A pandemic atlas: USA by the numbers, telling and horrifying

Adam Geller
Associated Press

Month after dismal month, Americans have been inundated by an ever-rising tide of devastating numbers. Hundreds of thousands of deaths. Tens of million unemployed.

By mid-December, five in every 100 Americans — more than 16 million — had been infected by COVID-19.

Family members wave goodbye to nursing home resident Barbara Farrior, 85, at the end of their visit at the Hebrew Home at Riverdale on Thanksgiving, Thursday, Nov. 26, 2020, in New York.

Those numbers testify to a historic tragedy. But they don’t fully capture the multitude of ways, large and small, that the virus has upended and reconfigured everyday life in the U.S.

For that, there are a host of other numbers. Some may be less familiar than others, yet all are just as telling in calculating the pandemic’s sweeping impact:

  • Miles that Americans did not drive because they were unemployed, working or studying from home and traveling less: 35.3 billion (through August)
  • School lunches and breakfasts that went unserved in March and April after schools were closed: 400 million
  • Number of participants in meetings on Zoom each day last December: 10 million
  • Number of participants daily in Zoom meetings by the end of March: 300 million
  • Employment rate of low-wage workers as the year nears its end, compared to January: down 20.3 percent
  • Employment rate of high-wage workers compared to January: up 0.2 percent
  • Share of small businesses that are still closed even as the U.S. economy has reopened: 28.8 percent
  • Drop in the number of passengers traveling on U.S. domestic flights this spring: 272.01 million, a decline of 76 percent (March to July, compared to the same period in 2019).
  • Dollars the international airline industry has lost this year: $118.5 billion
  • Passengers screened by Transportation Security Administration agents at U.S. airports on April 14 last year: 2.21 million
  • Passengers screened by the TSA on April 14 this year: 87,534
  • Number of TSA screening agents who have tested positive for COVID: 3,575
  • Number of TSA agents at New York’s John F. Kennedy International who have tested positive: 152
  • Number of people who went to a New York Broadway show during the first week of March: 253,453
  • Number of people who have been to a Broadway show since mid-March: 0
  • Number of jobs lost at New York City restaurants and bars between February and April: 233,751
  • Number of jobs regained at New York City restaurants and bars from April through September: 89,559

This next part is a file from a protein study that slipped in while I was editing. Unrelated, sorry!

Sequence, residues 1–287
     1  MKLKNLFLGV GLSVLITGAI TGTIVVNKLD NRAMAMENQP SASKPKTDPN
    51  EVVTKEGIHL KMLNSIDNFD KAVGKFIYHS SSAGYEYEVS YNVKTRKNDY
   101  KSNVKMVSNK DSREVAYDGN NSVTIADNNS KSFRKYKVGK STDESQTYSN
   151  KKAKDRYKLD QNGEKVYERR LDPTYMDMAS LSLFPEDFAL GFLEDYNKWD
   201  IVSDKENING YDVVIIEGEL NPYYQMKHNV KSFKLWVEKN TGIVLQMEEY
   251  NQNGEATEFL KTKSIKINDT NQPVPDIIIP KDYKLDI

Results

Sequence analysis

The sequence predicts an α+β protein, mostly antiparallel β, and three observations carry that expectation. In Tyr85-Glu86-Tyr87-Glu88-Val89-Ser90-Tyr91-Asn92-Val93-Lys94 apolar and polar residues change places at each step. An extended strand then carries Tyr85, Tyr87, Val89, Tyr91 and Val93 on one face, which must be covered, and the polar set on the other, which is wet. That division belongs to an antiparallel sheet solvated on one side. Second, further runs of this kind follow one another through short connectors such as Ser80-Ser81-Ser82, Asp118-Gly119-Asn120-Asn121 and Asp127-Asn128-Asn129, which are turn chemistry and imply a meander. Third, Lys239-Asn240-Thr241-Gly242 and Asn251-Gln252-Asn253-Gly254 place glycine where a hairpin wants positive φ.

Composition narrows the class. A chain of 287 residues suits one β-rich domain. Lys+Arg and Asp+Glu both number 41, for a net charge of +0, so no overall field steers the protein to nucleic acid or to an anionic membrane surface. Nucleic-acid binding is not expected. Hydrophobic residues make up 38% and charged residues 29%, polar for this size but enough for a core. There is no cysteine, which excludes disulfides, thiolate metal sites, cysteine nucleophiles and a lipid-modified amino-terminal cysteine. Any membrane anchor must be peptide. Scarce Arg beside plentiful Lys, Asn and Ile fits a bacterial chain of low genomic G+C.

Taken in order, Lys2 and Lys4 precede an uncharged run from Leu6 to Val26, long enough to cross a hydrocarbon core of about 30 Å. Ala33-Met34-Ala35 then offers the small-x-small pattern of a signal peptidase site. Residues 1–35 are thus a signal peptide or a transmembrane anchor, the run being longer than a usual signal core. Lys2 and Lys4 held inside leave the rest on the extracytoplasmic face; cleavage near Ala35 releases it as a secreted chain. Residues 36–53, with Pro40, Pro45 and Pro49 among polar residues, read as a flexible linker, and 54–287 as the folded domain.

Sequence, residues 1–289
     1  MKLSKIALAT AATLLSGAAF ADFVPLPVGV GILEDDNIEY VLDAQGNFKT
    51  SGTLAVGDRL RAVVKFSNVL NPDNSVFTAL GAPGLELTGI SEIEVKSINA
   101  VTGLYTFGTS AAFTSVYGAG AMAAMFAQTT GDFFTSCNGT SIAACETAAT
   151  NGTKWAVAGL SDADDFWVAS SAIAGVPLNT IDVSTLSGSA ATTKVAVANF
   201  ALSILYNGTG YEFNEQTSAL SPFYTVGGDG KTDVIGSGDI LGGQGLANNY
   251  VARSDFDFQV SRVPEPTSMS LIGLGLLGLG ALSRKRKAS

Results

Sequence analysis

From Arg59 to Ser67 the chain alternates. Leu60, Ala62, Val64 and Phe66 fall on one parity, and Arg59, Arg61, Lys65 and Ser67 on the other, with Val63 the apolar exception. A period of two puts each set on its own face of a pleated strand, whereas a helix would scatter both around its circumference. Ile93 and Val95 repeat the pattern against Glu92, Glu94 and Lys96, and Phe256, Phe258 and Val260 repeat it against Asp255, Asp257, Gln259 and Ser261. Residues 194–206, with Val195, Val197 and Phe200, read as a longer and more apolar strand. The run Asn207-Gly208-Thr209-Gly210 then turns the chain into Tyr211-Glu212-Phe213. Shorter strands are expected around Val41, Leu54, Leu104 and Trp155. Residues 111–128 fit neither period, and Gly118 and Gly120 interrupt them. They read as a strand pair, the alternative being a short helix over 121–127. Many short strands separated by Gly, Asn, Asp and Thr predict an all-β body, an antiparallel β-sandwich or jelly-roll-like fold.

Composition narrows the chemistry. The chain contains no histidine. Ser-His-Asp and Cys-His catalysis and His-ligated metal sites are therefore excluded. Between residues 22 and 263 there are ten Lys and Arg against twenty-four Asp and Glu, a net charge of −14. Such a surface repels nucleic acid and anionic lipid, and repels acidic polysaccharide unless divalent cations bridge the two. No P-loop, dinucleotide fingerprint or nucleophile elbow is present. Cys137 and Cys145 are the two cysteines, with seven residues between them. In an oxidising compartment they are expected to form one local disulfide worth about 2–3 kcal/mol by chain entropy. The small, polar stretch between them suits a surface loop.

• People who applied for a job at Amazon.com in a single week, after the online retailer announced a hiring fair to keep up with skyrocketing orders: 384,000
  • Payments to Americans by the Internal Revenue Service to help ease the pandemic’s economic fallout: 153.1 million checks and direct deposits through August, totaling $269.3 billion
  • Americans’ spending on restaurants and hotels, compared to January: down 36.6 percent
  • Americans’ spending on transportation, compared to January: down 50.9 percent
  • Americans' spending on entertainment and recreation, compared to January: down 64.3 percent
  • Americans' spending on groceries, compared to January: down 2.7 percent
  • Total sales of alcoholic beverages during the pandemic: $62.5 billion, up 21.8 percent
  • Online sales of alcohol in September compared to a year ago: up 256 percent
  • Sales of tequila for home consumption in September and October, compared to a year ago: up 56 percent
  • Champagne: up 71 percent
  • Ready-to-drink cocktails: up 131 percent
  • Production increase in bottles of Purell hand sanitizer this year: up 300 percent
  • Number of Purell single-pump “doses” contained in bottles shipped to U.S. hospitals this year: 54 billion
  • Dentists who closed their offices entirely, or to all but emergency patients, in April: 97.1 percent
  • Dentists whose offices have reopened, but with fewer patients than usual: 65.6 percent
  • Dentists who say they are seeing more patients who grind their teeth, usually an indicator of stress: 59.4 percent
  • Games played during Major League Baseball’s regular season last year: 2,430
  • Fans who attended those games: 68,494,752
  • Games played during MLB’s shortened regular season this year: 898
  • Fans who attended those games: 0
US COVID-19 numbers

Sources: Federal Highway Administration; Sivak Applied Research; U.S. Government Accountability Office; Zoom Video Communications Inc.; Opportunity Insights using data from Womply, Affinity Solutions, Paychex Inc., Intuit Inc., Earnin and Kronos; Bureau of Transportation Statistics; International Air Transport Association; Transportation Security Administration; The Broadway League; Federal Reserve Bank of St. Louis; Amazon.com Inc.; Internal Revenue Service; The Nielsen Company; GOJO Industries; American Dental Association; Major League Baseball.